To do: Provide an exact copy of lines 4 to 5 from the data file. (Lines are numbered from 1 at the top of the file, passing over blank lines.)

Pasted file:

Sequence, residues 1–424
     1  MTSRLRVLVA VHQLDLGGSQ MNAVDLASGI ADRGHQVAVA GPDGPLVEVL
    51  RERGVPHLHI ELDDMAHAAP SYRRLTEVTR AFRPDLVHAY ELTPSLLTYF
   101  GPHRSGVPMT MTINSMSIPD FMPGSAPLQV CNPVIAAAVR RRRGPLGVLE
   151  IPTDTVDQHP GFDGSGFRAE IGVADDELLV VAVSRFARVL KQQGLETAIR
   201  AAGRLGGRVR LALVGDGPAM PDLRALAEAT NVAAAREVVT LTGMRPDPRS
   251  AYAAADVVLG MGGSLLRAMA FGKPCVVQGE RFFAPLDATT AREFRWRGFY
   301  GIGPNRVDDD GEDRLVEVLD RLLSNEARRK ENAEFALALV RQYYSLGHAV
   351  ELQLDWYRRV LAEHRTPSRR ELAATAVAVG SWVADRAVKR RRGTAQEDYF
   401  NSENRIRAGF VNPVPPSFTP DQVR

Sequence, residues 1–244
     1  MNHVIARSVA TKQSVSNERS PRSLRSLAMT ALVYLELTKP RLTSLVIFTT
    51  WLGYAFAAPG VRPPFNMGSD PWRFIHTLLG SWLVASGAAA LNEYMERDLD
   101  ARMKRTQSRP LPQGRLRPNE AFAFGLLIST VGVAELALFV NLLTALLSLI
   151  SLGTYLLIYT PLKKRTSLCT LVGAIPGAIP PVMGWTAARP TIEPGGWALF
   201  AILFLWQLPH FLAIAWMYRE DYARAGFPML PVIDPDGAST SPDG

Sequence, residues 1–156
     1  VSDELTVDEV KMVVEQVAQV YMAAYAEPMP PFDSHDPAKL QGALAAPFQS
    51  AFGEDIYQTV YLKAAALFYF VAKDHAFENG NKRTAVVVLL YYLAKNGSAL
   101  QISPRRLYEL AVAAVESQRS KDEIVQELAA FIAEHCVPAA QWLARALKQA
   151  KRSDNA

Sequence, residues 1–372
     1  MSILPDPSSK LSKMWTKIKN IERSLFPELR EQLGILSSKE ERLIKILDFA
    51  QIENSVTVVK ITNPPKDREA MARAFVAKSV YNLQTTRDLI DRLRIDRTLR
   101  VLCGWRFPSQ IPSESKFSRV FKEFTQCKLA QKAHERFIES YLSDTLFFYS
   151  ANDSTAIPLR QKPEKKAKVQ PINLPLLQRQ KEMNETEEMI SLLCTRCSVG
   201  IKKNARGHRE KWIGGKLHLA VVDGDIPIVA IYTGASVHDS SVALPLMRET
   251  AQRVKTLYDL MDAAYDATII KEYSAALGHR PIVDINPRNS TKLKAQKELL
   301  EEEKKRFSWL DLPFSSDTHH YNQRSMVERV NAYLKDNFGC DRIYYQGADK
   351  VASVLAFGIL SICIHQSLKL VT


   101  GPHRSGVPMT MTINSMSIPD FMPGSAPLQV CNPVIAAAVR RRRGPLGVLE
   151  IPTDTVDQHP GFDGSGFRAE IGVADDELLV VAVSRFARVL KQQGLETAIR